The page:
House Republicans want to avoid big defense cuts by whacking other areas of government instead -- like programs that help low-income people.
No big surprise there. Putting guns before butter has been a staple of the GOP playbook for decades -- ever since Reagan pushed sweeping cuts in social spending while giving the Pentagon a blank check.
The liberal reflex in the face of such priorities is to argue that human needs should come first, and to make stirring comparisons between spending on jet fighters and new schools. Eisenhower was no liberal, but he made one of the famous guns vs. butter arguments ever in a 1953 speech, when he declared that "Every gun that is made, every warship launched, every rocket fired signifies, in the final sense, a theft from those who hunger and are not fed, those who are cold and not clothed. . . . We pay for a single destroyer with new homes that could have housed more than 8,000 people."
It's tempting to invoke such comparisons today, especially as we learn more about the budget plans championed by House Republicans. Their goal is to avoid some $64 billion in automatic defense cuts next year, and they plan to do it with deep cuts to programs that serve some of America's neediest people. So, for example, House Republicans would cut food stamp spending by $7.8 billion next year, and $35.8 billion over the next decade. Medicaid spending would be cut by $23.5 billion over the same period.
All of this is very troubling. But what's the best way to argue against such callous priorities? That is less clear.
Messaging on defense spending is complicated. The public generally supports a strong military and is lukewarm to defense cuts per se. For instance, a February 2011 poll found that less than a third of respondents favored cutting the defense budget and a majority wanted to maintain spending at current levels.
Yet polling also finds that the public is more supportive of defense cuts when such cuts are aimed at reducing the deficit. And support is even greater when such cuts aim to spare domestic programs from the ax. As Steve Kull has written:
As respondents are given more information, support for reductions rises. When Quinnipiac University in March simply told respondents that defense, Social Security and Medicare together constitute more than half of the federal budget, 54% favored cutting defense spending.
And when they are asked to choose between defense and other programs, defense is consistently the most popular program to cut. When CBS/NY Times, on several occasions over the least year asked respondents to choose where they would prefer to cut Medicare, social security or the military, 45-55 percent chose the military, 16-21 percent Medicare, 13-17 percent Social Security. . . .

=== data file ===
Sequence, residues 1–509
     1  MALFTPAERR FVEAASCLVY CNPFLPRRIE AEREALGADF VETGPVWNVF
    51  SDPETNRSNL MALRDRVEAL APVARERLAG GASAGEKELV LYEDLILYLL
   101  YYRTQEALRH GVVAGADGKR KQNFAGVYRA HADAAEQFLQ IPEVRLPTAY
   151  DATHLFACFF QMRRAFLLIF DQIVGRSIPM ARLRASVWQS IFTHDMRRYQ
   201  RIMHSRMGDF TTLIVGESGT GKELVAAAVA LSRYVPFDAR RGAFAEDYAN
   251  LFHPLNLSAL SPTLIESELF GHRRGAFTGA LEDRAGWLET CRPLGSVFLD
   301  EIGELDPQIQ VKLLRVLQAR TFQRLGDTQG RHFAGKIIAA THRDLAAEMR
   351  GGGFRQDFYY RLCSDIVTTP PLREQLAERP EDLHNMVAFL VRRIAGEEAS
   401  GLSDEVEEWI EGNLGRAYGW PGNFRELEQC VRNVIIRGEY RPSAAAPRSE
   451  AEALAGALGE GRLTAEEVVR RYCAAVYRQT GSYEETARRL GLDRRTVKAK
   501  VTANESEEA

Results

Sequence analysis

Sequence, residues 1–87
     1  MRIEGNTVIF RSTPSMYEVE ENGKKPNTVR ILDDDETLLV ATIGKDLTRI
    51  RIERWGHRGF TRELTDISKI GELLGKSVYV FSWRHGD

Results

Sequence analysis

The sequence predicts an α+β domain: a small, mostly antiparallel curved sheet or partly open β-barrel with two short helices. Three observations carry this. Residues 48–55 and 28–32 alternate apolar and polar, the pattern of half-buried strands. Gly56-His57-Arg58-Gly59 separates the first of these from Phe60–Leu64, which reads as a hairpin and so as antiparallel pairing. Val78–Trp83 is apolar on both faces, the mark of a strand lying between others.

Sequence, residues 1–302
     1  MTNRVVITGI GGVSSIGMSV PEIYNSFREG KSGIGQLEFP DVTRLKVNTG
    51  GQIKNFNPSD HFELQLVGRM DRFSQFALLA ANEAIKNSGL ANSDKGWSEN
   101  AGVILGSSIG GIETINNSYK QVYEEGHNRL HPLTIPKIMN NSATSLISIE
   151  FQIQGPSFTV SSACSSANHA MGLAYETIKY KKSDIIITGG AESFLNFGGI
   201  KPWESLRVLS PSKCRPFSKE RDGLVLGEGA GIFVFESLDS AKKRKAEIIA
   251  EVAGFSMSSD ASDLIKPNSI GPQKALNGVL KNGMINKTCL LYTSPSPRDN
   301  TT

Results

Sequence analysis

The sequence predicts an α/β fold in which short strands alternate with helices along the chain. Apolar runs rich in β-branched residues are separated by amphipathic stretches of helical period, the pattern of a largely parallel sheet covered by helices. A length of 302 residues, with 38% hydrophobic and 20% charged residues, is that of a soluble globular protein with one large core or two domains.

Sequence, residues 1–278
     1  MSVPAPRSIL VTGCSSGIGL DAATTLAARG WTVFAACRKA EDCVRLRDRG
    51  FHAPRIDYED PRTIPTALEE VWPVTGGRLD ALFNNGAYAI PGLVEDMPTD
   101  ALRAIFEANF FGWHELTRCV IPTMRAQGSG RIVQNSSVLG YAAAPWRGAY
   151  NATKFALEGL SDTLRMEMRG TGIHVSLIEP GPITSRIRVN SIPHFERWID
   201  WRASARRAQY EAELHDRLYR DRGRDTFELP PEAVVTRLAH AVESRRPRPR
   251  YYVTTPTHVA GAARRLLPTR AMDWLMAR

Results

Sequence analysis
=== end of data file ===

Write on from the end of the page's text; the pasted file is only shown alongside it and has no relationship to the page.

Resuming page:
A poll that I conducted in December 2010 with colleagues at the Program for Public Consultation, affiliated with the University of Maryland, went much further. It informed respondents how much was being spent on 31 of the largest categories in the federal discretionary budget, and asked whether and how much they wanted to adjust those amounts. As they made choices, it gave them constant feedback about the effect of their decisions on the deficit. In this information-rich context, 70 percent cut defense spending. The average respondent cut defense $109 billion, or 18 percent of the department’s annual spending (outside of the conflicts in Iraq and Afghanistan). This was by far the largest cut, constituting two-thirds of all the cuts made. . . .
The more Americans are asked to think like policymakers — where they consider the deficit, make trade-offs against other budget priorities and, perhaps above all, when they understand the relative amount devoted to defense — the more they cut defense. When respondents have less information or are asked the question in isolation, they mostly tend to endorse the status quo.
These findings would seem to strongly support using a guns vs. butter argument to fight the right's budget priorities.
On the other hand, there are some good reasons to be wary of such comparisons. National security abroad and human security at home are both important concerns of the public, and progressives don't want to seem dismissive of national security. Nor do want to popularize a frame that posits America's role in the world as disconnected from our domestic well-being, since these spheres are entwined in this age of globalization.
A better frame for attacking defense spending, as research by U.S. in the World implies, is to argue that the United States should not go it alone militarily in the world and that, anyway, force is not the best solution to many of the complex global challenges confronting the United States. Many Americans get that our leaders have defined security too narrowly, only in military terms. This is the bad idea that needs to be challenged -- an idea now ascendant in the Republican Party.